Antioxidants That Are Natural - El Paso, TX Doctor Of Chiropractic
Dr. Alex Jimenez, El Paso's Chiropractor
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Antioxidants That Are Natural

The utilization of natural antioxidants to reduce oxidative stress is a promising therapeutic approach to prevent diseases by reducing ROS. Flavonoids, phenolic compounds, antioxidant vitamins like vitamin C, and amino acids such as N-acetyl cysteine are commonly used as a single unit or mixed to provide beneficial effects. These improvements can be traced to mitochondrial function, antibacterial effects to heavy metal elimination and detoxification.

Detox as weight gain solution?

Commonly, detox diets or supplementations are thought to serve as a weight loss solution. Nevertheless, a detox regime comprises laxatives, vitamins, minerals, bioactive compounds called cleansing foods, starvation fasts, high fiber smoothies or juices, and even a sauna to eliminate the toxins from the body. A typical detox or cleanse is not precisely targeted to weight loss. The vitamin content may help metabolic pathways and reduce inflammation but not be considered weight loss mechanisms.

Body composition

The correct assessment of body composition can be attainable through bioelectrical impedance analysis (BIA). This assessment can provide a better understanding of intracellular water content and body compartments.

INBODY Result Sheet

Toxin

The word toxin is loosely used and could refer to environmental pollutants such as synthetic chemicals, heavy metals, processed foods, or even harsh cleaning products. However, detox programs never claim to eliminate a particular contaminant. They have been commercially focused de stop a wide range of toxins.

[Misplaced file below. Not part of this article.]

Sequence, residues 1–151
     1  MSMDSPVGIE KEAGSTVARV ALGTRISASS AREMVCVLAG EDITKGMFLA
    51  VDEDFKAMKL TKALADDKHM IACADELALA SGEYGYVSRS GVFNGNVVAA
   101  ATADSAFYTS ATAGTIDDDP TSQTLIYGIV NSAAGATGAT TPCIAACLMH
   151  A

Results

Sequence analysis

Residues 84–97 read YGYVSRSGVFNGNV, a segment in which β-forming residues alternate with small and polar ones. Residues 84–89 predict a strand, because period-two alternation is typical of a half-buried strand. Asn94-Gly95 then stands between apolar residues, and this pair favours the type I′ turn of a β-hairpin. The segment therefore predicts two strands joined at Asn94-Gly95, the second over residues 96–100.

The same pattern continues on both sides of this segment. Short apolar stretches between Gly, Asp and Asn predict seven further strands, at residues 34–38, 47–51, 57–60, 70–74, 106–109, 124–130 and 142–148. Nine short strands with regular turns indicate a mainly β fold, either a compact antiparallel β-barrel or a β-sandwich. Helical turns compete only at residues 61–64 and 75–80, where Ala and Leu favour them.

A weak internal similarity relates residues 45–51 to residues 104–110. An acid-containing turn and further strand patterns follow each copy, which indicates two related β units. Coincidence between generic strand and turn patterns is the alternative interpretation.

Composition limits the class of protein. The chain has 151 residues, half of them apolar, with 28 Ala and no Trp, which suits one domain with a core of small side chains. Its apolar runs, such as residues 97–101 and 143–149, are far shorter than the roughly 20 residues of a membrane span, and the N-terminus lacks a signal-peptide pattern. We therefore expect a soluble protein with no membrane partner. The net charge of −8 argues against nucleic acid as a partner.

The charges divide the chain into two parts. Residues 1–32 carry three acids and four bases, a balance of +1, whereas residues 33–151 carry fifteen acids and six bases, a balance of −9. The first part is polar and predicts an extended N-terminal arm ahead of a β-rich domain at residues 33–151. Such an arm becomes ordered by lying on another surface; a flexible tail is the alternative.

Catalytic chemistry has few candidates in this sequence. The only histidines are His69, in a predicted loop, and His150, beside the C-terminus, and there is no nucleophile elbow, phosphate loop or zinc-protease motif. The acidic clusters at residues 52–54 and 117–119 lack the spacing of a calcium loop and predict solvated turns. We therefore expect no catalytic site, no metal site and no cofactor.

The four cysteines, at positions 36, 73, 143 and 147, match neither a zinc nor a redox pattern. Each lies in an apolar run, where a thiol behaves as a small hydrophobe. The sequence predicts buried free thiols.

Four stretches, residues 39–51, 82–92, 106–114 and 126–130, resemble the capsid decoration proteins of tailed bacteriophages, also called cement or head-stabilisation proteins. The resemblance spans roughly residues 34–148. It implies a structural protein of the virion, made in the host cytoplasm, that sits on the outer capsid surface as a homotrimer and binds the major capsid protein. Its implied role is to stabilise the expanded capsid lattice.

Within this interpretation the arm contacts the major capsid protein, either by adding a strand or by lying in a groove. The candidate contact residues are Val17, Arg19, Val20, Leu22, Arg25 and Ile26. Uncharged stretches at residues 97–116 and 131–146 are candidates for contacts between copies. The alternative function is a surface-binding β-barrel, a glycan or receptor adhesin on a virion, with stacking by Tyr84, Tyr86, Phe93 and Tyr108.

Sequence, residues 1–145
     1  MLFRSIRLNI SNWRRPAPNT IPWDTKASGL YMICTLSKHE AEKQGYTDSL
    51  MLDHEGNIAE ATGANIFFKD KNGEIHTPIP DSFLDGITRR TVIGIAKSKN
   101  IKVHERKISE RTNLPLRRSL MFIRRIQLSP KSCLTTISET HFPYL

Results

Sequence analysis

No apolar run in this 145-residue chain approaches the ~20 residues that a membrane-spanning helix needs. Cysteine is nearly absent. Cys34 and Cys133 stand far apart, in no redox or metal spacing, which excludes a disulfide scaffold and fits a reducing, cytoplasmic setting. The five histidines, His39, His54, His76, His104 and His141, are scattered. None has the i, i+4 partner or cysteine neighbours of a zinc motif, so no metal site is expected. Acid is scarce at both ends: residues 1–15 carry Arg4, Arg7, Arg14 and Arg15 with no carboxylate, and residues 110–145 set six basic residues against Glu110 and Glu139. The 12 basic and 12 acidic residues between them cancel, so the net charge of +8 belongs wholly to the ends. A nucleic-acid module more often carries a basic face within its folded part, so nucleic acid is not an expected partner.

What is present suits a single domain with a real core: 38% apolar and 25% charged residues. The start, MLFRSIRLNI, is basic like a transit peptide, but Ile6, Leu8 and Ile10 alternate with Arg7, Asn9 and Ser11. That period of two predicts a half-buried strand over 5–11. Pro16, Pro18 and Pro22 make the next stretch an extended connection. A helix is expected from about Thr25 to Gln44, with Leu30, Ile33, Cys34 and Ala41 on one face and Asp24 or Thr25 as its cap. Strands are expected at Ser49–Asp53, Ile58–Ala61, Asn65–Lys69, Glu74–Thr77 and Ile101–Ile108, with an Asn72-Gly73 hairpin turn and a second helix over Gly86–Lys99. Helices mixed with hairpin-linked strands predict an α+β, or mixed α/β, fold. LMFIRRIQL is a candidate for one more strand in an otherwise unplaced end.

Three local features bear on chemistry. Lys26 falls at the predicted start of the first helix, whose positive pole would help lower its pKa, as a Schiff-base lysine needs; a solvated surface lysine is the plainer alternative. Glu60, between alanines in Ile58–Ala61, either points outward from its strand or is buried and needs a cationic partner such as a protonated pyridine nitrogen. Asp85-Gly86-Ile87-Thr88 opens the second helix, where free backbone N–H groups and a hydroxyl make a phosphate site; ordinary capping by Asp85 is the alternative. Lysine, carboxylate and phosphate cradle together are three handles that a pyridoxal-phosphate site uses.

So how does detox work? Most detox uses a mix of antioxidant vitamins, phenolic and bioactive compounds that target different metabolic pathways and up-regulate antioxidant enzyme production and function or binding to harmful substances and excreting them through the gastrointestinal tract. Here is a list of the multiple active compounds used as a detox and their process.

Vitamins

Vitamins A ((retinol, retinoic acid), vitamin C (L-ascorbic acid, ascorbic acid, ascorbate), vitamin E (?-tocopherol), ?-carotene are commonly used as antioxidants. An antioxidant is defined as any substance able to eliminate ROS and derivatives (RNS, or reactive sulfur species, RSS), directly or indirectly, acting as an antioxidant defense regulator, or reactive species production inhibition.

Vitamin C